Table 4.

Concentrations of Contaminants Identified for Further Evaluation Leachate On-Site
cyanide (total)40-500
cyanide (amenable)ND-500
*PPB-parts per billion
*ND-not detected
See Appendix E for complete table with comparison values

Toluene, xylene and carbon disulfide were also detected in leachate at concentrations below levelsof health concern.

Sediment and Surface Water

In May 1990, CT DEP collected seven surface water samples and nine sediment samples on-site.(See Appendix D, Sampling locations) These samples were analyzed for volatile organiccompounds, semivolatile organic compounds, cyanide and metals. Table 5 and 6 list thecontaminants identified for further evaluation.

Table 5.

Concentration of Contaminants Identified for Further Evaluation Sediment On-Site
cyanide (total)0.04-270
cyanide (amenable)ND-240
*PPM-parts per million
*ND-not detected
See Appendix E for complete table with comparison values

Table 6.

Concentration of Contaminants Identified for Further Evaluation Surface Water On-Site
cyanide (total)ND-1.4
cyanide (amenable)ND-1.1
*PPM-parts per million
*ND-not detected
See Appendix E for complete table with comparison values

No volatile or semivolatile organic compounds were detected in surface water except fornaphthalene. Concentrations of volatile and semivolatile compounds were very low in sediments. The gullies and pond drain into a wetland area that feeds the Scantic River. Migration ofcontaminants from on-site surface water to off-site areas is possible.

Ambient Air

In October, 1990, CT DEP conducted one day of on-site air sampling at one upwind, twodownwind, and two on-site locations with obvious soil contamination. (See Appendix D, Samplinglocations) Sorbent tube samples were used during sampling events of thirty minutes each. Thesampling included volatile organic compounds, cyanide, and petroleum distillates.

In December, 1991, CT DEP conducted one day of air screening tests in areas where odors werestrong versus areas where odors were not evident. Nine test sites were sampled for phenol andhydrogen cyanide using detector tubes. There was only one positive sample of hydrogen cyanidehowever the detector tube had expired so the hydrogen cyanide concentration of 0.25 ppm wasapproximated. Hydrogen cyanide was not detected during any of the more thorough air samplingevents therefore the result of 0.25 ppm is considered only qualitatively.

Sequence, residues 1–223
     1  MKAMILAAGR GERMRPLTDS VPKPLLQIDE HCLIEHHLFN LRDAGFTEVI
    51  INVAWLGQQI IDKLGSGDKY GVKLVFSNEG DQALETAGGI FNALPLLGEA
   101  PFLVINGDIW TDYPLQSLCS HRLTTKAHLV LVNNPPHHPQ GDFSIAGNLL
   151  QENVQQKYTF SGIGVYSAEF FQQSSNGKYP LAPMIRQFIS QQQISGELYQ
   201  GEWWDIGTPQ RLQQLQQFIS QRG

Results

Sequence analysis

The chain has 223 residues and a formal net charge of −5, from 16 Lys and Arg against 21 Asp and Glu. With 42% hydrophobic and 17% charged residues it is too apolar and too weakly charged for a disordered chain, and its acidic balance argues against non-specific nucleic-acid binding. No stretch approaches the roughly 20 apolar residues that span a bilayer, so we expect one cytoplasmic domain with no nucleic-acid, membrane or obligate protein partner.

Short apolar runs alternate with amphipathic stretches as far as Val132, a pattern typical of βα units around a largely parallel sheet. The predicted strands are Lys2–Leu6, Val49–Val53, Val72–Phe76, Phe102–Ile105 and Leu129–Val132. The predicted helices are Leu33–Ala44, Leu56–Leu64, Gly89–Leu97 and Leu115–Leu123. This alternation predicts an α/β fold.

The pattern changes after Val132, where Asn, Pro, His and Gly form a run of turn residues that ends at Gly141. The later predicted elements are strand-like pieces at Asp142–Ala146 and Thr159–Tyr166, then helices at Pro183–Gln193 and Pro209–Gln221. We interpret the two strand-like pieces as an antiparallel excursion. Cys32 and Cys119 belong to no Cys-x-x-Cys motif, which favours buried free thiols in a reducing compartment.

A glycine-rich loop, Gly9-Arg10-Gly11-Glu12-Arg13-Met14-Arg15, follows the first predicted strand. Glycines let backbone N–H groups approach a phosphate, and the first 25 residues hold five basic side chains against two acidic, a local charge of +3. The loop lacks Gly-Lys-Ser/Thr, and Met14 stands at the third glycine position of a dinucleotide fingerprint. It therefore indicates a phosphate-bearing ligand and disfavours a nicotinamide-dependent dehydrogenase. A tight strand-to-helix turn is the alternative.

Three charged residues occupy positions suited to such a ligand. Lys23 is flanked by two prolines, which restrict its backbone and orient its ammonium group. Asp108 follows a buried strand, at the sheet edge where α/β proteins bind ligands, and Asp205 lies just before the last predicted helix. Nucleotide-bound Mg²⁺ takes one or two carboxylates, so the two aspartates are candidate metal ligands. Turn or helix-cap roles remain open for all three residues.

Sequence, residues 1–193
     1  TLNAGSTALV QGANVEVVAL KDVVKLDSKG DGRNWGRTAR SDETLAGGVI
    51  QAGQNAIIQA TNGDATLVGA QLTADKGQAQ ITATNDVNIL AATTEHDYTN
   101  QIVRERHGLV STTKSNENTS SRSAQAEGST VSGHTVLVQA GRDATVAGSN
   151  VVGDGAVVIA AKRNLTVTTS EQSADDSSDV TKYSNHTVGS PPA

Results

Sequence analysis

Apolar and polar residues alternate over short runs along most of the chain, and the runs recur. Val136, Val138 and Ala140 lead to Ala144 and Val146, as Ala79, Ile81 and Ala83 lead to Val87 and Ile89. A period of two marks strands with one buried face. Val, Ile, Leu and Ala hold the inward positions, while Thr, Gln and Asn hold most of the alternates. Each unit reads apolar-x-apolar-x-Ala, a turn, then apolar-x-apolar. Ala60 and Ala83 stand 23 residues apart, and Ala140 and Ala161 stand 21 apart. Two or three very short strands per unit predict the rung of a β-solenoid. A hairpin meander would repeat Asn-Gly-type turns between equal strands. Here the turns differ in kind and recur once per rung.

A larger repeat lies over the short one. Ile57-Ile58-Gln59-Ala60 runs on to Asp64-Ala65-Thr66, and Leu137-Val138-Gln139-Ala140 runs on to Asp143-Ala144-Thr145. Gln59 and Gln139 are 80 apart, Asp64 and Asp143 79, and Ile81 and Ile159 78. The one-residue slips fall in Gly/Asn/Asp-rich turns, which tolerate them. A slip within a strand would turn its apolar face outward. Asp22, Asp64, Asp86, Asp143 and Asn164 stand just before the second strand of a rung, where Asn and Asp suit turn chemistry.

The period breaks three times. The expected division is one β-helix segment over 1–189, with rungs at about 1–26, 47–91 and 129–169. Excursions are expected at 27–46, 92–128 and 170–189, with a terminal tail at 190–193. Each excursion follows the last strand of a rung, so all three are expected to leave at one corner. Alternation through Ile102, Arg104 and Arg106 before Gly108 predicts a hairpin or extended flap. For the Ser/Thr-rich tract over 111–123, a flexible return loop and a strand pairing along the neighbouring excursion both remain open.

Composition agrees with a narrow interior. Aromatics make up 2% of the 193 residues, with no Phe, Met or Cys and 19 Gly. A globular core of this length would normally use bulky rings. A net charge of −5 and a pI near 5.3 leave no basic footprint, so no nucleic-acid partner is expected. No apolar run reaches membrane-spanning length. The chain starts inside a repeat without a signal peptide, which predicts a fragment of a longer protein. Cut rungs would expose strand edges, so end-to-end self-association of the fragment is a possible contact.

On February 22 and 23, 1992, two days of air sampling was performed. Volatile organiccompounds, semivolatile organic compounds and hydrogen cyanide were sampled for. Three on-site locations were sampled for seven hour periods. (See Appendix D, Sampling locations) Thethree on-site sampling locations included areas of obvious soil contamination and a leachateoutbreak area. Toluene and styrene were the only two contaminants detected at concentrations wellbelow health comparison values.

In August, 1992, additional air sampling was conducted for one twenty-four hour period. Hightemperatures and low winds increased the likelihood of capturing a "worst case scenario" withrespect to pollutant off-gassing from the soil. Samples were tested for forty-three volatile organiccompounds and twenty polycyclic aromatic hydrocarbons. One on-site sample was taken in an areaof obvious soil contamination. Seven VOC's and five PAH's were detected at concentrations similarto background and well below levels of public health concern.

The characteristic almond-like odor of cyanide has been identified at the site, however air samplinghas not quantified cyanide either on-site or off-site.

Table 7 lists the contaminants identified for further evaluation detected in ambient air. The tableincludes contaminants detected during all of the ambient air sampling events. The sampling dateindicates the date that the highest concentrations was detected.

Table 7.

Concentration of Contaminants Identified for Further Evaluation Ambient Air On-Site
*PPB-parts per billion
*ND-not detected
See Appendix E for complete table with comparison values


Soil Gas Survey

Two phases of soil gas surveys were done in the residential areas northwest of the site in Septemberof 1992 by Malcolm Pirnie, Inc. Phase one screened for the presence of volatile organic compoundsand phase two was done to determine whether any volatile organic compounds detected were fromburied waste.

Results of the soil gas survey indicate that while low levels of non-methane volatile organiccompounds were detected in the residential soil gas survey, they are not related to coal gasificationwastes and are likely due to background.

Sediment and Surface Water

Off-site surface water and sediment samples were taken in the Scantic River in September 1989 bythe CT DEP and during the Remedial Investigation. CT DEP sampling in 1989 included threesampling locations, one upstream, one downstream and one adjacent to the site. (See Appendix D,Sampling locations) Sampling during the Remedial Investigation included ten locations. (SeeAppendix D, Sampling locations) Tables 8 and 9 list the contaminants identified for further evaluation.

Table 8.

Concentration of Contaminants Identified for Further Evaluation Sediment Off-Site
cyanide (total)ND-10
cyanide (amenable)ND-7.7
*PPM-parts per million
*ND-not detected
See Appendix E for complete table with comparison values

Table 9.